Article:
Biotech sector regenerates as pharma invests

Published: 15-Nov-2013

The rapid pace of development in biologicals and regenerative medicines is changing the landscape of drug manufacture. Big Pharma is keen to join in but future business models look very different. Susan Birks reports

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The transformation of the therapeutic biotech sector could be compared to that of an ugly duckling that failed to impress following the initial biotech boom, but which has transformed into a swan – looking wonderful on the surface, yet battling undercurrents of uncertainty and underfunding below the waterline. There is no doubt that the sector is increasingly delivering novel therapies that will transform medicine in the future but huge investment is required to produce the new therapies commercially and, for many products, reimbursement models are yet to be decided.

Biotechnology has steadily provided new routes to better targeted and more effective drugs in the form of biologicals and biosimilars. The potential for even better therapies via monoclonal antibodies (mAbs) and antibody drug conjugates (ADCs) is creating further interest in this sector. Meanwhile, regenerative medicines – once just a distant dream – are now taking shape and being seriously discussed in terms of practical scale-up and manufacturing facilities.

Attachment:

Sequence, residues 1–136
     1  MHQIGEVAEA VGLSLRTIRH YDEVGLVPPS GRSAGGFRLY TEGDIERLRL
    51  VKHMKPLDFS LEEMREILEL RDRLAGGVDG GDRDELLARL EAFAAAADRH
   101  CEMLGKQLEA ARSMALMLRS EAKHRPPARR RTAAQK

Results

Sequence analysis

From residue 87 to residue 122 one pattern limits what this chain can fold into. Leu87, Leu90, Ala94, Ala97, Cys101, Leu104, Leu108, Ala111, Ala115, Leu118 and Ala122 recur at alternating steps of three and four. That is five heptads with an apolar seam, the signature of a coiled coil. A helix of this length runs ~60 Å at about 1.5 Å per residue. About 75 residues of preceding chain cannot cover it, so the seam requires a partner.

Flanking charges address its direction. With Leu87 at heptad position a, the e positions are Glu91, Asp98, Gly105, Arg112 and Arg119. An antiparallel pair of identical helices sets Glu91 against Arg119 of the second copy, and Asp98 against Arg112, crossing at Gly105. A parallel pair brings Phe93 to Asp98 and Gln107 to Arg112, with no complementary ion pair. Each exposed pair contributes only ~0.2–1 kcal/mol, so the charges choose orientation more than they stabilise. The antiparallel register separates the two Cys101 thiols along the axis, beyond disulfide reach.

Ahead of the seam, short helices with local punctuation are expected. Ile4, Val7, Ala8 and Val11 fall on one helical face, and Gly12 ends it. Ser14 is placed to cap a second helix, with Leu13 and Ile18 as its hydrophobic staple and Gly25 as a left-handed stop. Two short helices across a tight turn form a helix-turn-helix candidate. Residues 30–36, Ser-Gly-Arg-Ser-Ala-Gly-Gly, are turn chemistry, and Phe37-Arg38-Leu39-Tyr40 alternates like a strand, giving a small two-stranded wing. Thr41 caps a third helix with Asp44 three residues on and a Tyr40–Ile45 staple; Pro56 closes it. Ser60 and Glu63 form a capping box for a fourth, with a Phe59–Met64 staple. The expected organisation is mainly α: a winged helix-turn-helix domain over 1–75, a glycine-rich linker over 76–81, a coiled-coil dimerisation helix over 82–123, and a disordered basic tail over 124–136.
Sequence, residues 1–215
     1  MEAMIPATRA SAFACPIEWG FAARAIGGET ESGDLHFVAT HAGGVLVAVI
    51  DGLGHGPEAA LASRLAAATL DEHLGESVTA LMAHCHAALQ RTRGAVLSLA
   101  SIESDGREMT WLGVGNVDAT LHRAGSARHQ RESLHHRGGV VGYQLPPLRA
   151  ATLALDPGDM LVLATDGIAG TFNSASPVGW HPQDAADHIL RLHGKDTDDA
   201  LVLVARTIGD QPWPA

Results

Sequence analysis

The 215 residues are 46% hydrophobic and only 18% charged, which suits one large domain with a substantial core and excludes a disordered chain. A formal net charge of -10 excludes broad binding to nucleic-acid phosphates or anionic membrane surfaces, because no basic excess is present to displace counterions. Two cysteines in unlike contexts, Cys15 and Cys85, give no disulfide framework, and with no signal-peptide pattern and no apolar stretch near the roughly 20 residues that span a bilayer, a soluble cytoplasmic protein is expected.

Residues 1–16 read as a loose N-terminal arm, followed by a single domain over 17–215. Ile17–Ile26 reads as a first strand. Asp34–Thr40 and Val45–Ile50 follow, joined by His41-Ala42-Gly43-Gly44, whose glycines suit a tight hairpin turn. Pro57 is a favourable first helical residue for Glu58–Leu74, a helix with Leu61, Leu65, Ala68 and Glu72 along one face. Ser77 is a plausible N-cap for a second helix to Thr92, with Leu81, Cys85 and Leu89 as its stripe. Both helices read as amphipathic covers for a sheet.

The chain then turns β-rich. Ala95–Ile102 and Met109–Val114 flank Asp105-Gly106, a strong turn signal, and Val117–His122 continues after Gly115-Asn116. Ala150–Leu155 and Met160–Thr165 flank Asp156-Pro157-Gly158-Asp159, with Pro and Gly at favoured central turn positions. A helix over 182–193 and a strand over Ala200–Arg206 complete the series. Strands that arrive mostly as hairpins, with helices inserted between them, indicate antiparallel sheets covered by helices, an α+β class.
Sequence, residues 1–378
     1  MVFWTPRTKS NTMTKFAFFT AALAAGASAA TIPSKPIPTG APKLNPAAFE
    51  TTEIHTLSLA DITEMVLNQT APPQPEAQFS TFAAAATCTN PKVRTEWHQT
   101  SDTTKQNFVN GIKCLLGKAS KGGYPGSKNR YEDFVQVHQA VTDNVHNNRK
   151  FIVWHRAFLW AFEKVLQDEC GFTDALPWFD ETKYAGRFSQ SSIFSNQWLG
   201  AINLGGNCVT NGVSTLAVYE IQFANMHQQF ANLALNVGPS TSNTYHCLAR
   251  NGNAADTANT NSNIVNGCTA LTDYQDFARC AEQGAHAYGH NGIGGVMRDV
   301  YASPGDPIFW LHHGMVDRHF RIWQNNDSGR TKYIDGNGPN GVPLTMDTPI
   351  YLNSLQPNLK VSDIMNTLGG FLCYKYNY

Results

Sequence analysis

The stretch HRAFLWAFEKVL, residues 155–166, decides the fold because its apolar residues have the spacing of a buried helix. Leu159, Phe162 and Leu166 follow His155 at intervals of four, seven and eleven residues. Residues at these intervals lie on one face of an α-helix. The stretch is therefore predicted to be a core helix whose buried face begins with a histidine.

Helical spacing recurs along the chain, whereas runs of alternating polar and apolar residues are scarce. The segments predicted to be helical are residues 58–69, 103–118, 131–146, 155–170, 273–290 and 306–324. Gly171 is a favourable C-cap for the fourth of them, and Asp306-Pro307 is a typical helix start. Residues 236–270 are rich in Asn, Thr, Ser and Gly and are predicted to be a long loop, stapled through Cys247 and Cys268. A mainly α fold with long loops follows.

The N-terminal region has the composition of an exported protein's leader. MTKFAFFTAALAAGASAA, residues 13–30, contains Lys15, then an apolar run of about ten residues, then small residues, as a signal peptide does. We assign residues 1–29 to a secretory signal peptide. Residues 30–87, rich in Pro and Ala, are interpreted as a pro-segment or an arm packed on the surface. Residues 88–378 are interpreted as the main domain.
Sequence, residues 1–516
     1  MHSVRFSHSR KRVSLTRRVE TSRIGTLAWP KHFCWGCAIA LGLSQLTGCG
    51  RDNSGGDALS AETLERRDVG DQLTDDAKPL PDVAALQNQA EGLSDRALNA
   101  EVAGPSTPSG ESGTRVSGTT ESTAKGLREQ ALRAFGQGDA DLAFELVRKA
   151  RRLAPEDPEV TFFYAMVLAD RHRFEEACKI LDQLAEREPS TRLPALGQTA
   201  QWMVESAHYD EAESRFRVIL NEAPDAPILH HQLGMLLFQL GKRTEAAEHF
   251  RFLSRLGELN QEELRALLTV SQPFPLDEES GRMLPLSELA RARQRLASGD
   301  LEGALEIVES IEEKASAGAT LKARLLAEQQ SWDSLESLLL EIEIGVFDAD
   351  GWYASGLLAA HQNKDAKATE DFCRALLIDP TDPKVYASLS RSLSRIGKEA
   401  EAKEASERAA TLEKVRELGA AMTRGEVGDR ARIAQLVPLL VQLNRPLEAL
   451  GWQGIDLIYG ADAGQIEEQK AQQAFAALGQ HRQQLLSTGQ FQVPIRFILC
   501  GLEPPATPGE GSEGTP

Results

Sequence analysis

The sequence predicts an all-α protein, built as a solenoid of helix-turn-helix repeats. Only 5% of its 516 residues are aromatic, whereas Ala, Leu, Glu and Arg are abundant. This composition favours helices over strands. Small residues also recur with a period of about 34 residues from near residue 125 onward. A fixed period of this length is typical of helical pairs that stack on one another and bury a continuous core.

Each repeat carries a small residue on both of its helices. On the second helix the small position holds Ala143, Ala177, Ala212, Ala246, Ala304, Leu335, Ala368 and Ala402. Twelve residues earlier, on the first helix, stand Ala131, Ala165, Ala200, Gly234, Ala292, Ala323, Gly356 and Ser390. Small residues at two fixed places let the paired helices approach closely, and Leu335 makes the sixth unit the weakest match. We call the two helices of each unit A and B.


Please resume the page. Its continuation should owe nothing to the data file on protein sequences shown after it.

Looking at the biopharmaceutical sector, Frost & Sullivan (F&S) says considerable growth opportunities lie ahead for biopharmaceutical contract manufacturing organisations (CMOs).1 With blockbuster biologics worth more than US$100m due to lose patent protection by 2019, F&S predicts the global biosimilars market will grow at a robust compound annual growth rate (CAGR) of 60.4% between 2012 and 2019.

‘Due to the steep cost and long time needed to build, equip and validate a biomanufacturing facility, the majority of biopharmaceutical companies prefer leveraging the expertise of CMOs,’ says F&S Healthcare Senior Research Analyst Aiswariya Chidambaram. ‘CMOs have made substantial investments in infrastructure, technology, and personnel in recent years and are capable of providing uncomplicated, timely and cost-effective services. They are also well versed with regulatory compliances and work closely with regulatory agencies, thereby reducing time-to-market.’